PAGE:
Belgian Shepherd Dog
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An intelligent and alert and attentive dog, the Belgian Shepherd originally was bred for his herding ability and was fairly common throughout most of Europe. Originally a mixture of types, colours and coat lengths, the breed gradually developed into four main types which are named after the districts to which they were native.
The Groenendael is perhaps the most commonly known of the four varieties. His colour is always black, with a small patch or strip of white allowed on the chest and the tips of the toes. His coat is of medium harshness, long, straight and abundant on the body, with shorter hair on the head, outside of ears and lower part of the legs. The hair is especially long and abundant on the neck forming a ruff, particularly in the males.
The Tervueren is identical in conformation and coat to the Groenendael, the difference being in colour. All shades of red, fawn, grey with a black overlay are allowed. A black mask on the face extending to the eyes and black ears make the Tervueren a striking dog.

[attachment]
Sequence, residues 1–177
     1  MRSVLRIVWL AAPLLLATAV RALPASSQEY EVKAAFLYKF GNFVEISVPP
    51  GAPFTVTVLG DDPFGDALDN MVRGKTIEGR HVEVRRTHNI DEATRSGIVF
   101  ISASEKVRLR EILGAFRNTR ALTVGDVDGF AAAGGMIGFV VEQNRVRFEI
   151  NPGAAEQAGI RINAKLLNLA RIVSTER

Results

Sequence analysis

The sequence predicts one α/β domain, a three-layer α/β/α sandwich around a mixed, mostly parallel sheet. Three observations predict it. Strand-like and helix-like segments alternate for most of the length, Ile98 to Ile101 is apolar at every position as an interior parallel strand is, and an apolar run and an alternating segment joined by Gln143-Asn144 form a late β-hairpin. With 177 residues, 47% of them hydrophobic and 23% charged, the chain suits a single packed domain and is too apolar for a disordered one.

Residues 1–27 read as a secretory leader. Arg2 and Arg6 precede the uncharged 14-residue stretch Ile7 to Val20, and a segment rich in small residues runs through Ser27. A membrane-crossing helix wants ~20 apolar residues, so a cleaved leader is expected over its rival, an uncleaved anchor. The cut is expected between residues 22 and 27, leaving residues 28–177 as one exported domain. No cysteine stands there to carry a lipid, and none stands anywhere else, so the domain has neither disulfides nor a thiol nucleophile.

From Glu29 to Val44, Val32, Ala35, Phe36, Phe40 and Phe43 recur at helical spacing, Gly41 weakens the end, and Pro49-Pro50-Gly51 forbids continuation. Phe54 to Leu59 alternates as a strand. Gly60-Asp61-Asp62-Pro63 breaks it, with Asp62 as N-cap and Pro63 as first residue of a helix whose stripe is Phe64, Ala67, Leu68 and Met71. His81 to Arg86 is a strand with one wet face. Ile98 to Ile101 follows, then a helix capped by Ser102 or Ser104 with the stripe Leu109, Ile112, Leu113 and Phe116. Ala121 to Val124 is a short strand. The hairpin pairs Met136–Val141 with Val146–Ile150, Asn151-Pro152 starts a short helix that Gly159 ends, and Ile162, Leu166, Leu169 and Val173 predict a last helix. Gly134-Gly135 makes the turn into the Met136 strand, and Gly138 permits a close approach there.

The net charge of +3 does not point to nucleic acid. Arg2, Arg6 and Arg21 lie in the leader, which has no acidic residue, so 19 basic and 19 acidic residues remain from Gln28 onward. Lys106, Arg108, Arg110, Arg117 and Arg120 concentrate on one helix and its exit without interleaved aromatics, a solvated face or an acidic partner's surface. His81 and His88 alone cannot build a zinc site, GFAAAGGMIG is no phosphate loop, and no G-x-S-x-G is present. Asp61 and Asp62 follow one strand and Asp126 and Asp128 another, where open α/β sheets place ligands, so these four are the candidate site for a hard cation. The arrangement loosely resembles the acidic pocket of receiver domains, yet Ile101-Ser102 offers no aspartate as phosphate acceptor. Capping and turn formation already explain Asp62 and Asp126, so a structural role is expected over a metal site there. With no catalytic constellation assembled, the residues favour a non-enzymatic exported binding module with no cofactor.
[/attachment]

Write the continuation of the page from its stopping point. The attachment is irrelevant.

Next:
The Malinois is identical in conformation and colouring to the Tervueren but has a short, thick coat.
The Laekenois is identical in conformation to the other three breeds but is a reddish fawn colour with a black overlay and a harsh, wiry coat.
During World War I, thousands of Belgian Shepherds were trained as messengers and many lost their lives. Today the Belgian Shepherd Dogs are used for police work in Europe.
A highly trainable dog, the Belgian Shepherd excels at obedience work and makes a loyal family companion. Socialisation must begin at an early age and his protective instincts make it necessary to supervise him with visitors or visiting children
Ideal height: Dogs 62cm
Weight 30- 36kg